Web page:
Summer Solstice music festival returning to downtown Yorkville this month

Mike and the Moonpies to headline two-day festival June 23-24

In what has become a tradition, music will return to the Bicentennial Riverfront Park in Yorkville later this month for the two-day Summer Solstice music festival.

This is the 10th anniversary of Summer Solstice, first held in 2013. The event went on hiatus in 2020 because of the COVID-19 pandemic.

“It’s going to be kind of a family affair.”

—  Festival organizer Boyd Ingemunson

Boyd Ingemunson, event organizer and owner of Rogue Barrister Productions and The Law Office Pub & Music Hall in downtown Yorkville, said the idea of Summer Solstice is to give residents a chance to hear up and coming bands in Yorkville as opposed to having to go to Chicago and elsewhere. Ingemunson is a lifelong Yorkville resident.

“It’s worked really, really well over the past 10 years,” Ingemunson said. “The first year, we had like Sturgill Simpson perform. No one knew who he was and now he’s one of the biggest names in country music. Ever since then, it’s just been kind of a steady stream of great independent bands that are under the radar. You’re not going to hear them on the radio but a lot of them have moved up the ranks.”

This year’s Summer Solstice will take place June 23-24 at Bicentennial Riverfront Park, 301 E. Hydraulic Ave. in downtown Yorkville. For tickets and more information, go to

The headlining band both days will be Mike and the Moonpies, a band that has played at The Law Office several times.

“They’ve played at The Law Office since its inception,” Ingemunson said. “Last year, they played at the Windy City Smokeout in Chicago on the same bill as Miranda Lambert. All the bands that are coming this year are all tight together. It’s going to be kind of a family affair, which always leads to better performances and collaborations and all kinds of great stuff.”

Volunteers are key in helping put on Summer Solstice.

“I’ve got a core group of volunteers that help me,” he said. “Everyone who does it each year wants to come back and do it again.”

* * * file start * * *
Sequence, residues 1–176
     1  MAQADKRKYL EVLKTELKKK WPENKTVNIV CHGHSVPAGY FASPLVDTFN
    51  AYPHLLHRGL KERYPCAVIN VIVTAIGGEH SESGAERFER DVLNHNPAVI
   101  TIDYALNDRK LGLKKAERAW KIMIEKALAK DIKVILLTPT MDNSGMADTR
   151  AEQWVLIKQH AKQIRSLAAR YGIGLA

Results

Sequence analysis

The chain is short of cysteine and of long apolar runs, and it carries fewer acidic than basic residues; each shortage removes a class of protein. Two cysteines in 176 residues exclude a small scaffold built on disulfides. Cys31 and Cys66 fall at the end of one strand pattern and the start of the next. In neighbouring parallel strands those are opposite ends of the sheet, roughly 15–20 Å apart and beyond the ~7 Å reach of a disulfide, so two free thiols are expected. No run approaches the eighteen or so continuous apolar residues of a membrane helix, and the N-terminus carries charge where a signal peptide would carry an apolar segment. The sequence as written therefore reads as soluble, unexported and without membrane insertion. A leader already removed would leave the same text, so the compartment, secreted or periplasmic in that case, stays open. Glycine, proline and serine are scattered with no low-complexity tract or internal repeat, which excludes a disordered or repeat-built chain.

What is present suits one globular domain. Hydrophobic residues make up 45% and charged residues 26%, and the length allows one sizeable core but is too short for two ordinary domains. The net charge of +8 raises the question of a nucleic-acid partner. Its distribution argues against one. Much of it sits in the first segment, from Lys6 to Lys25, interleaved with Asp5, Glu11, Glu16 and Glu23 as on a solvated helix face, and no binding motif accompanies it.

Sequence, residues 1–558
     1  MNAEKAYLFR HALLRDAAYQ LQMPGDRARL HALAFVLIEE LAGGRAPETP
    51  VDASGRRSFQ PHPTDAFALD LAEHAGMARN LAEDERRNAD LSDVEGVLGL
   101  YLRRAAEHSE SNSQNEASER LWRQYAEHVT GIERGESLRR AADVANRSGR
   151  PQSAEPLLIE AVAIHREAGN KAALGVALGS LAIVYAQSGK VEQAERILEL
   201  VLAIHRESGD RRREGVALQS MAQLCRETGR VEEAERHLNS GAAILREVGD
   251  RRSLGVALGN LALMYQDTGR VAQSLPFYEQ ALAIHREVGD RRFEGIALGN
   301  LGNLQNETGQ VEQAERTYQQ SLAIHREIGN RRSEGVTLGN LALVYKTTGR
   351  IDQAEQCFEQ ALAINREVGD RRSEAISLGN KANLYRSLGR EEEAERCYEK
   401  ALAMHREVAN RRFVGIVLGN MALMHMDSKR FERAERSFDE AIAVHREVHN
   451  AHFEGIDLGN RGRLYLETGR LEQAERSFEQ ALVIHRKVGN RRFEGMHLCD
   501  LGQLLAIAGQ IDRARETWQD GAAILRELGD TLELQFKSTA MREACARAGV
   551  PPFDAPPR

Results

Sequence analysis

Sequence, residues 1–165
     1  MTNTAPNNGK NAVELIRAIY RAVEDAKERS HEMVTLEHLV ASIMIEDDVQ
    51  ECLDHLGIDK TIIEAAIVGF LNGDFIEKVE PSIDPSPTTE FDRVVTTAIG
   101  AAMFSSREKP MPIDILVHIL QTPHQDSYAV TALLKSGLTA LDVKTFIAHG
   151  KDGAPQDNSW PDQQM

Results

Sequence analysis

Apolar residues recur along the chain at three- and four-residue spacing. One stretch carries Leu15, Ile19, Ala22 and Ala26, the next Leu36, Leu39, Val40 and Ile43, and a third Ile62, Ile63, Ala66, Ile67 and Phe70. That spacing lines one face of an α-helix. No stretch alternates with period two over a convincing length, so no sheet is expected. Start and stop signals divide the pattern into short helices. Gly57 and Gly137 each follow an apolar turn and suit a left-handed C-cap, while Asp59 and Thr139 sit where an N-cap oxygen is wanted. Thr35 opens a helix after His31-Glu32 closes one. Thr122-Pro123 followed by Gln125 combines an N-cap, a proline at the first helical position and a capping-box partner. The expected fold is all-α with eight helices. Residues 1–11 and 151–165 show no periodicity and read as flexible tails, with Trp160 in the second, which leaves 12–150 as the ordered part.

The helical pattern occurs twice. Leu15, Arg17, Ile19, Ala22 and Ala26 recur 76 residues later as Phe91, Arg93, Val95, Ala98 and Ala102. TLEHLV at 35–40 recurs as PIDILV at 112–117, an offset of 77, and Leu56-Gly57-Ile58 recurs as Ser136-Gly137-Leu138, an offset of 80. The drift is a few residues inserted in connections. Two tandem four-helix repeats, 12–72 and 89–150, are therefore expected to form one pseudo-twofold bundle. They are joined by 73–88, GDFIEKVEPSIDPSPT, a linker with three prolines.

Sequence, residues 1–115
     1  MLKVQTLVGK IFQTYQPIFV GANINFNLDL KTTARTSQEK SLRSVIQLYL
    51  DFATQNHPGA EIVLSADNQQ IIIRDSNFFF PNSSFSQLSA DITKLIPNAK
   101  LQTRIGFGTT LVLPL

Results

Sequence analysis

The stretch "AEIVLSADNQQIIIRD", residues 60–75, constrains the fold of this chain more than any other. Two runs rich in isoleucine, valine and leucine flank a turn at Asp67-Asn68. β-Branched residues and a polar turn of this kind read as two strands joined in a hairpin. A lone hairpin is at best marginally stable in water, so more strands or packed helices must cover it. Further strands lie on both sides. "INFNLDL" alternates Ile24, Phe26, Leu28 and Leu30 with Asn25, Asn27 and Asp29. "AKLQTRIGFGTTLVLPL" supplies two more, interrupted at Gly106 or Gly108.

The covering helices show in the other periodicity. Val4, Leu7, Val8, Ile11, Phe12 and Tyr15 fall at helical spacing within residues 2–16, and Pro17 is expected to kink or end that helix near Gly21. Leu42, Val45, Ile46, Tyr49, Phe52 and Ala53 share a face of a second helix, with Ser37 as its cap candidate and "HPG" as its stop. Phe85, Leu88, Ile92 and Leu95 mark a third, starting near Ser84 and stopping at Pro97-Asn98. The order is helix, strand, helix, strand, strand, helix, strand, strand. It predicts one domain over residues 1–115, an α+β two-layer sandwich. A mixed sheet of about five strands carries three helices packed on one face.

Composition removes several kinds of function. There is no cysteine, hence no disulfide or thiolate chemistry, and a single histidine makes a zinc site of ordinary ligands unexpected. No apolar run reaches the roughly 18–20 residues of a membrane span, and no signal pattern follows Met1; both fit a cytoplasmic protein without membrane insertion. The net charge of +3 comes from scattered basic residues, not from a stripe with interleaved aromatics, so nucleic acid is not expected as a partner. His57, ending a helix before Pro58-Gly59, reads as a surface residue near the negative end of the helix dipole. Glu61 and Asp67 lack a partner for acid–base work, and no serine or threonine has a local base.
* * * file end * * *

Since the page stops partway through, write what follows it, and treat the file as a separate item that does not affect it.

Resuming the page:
Ingemunson is working to create a music scene in Yorkville.

“I really want to make it a destination for touring bands and that Yorkville’s the spot,” he said. “I’m not entirely there yet, but we’re on our way. That’s the overriding goal.”

He helped start a nonprofit organization called Patrons Launching Arts in Yorkville.

“Their goal is to build a permanent stage on the riverfront,” Ingemunson said.

The festival will be in a new spot this year.

“We’re moving it down from where it normally was to Riverfront Park East,” Ingemunson said. “It’s a new part of the park that they cleaned up. It’s a beautiful spot. The idea is hopefully to have a permanent stage down there, similar to what they do at RiverEdge Park in Aurora, where you can have multiple summer events that are ticketed. If you can generate ticket revenue, you can pay bands a lot more money and you get bigger bands.”

To that end, this year, Summer Solstice will be a ticketed event. Tickets are $20 for each day or $30 for a two-day pass.

“We’re actually going to charge for tickets as opposed to a $5 wrist band, which is going to be different,” he said. “I’ve doubled my band budget. If you pay bands more money, you’re going to attract better bands and bigger bands. So that’s kind of the idea behind that.”

The Law Office continues to host live music. Ingemunson said the venue is open for limited events.

“We do a fair amount of private events there and we do limited shows,” Ingemunson said.

He noted the venue had been hosting several concerts a month, but that sometimes only 10 to 12 people would show up for a show.

“I just can’t afford to do that any more,” Ingemunson said. “It’s just kind of an event by event basis and I built an email list where I communicate with everyone. I can communicate directly with the people that support The Law Office. And it’s working.”